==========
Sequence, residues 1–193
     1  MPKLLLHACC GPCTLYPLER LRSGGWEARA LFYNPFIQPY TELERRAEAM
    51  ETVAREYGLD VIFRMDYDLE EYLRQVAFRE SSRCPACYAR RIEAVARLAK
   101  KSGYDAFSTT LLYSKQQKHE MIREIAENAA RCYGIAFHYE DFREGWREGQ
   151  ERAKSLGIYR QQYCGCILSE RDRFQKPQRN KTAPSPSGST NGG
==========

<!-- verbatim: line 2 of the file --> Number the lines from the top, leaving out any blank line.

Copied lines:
     1  MPKLLLHACC GPCTLYPLER LRSGGWEARA LFYNPFIQPY TELERRAEAM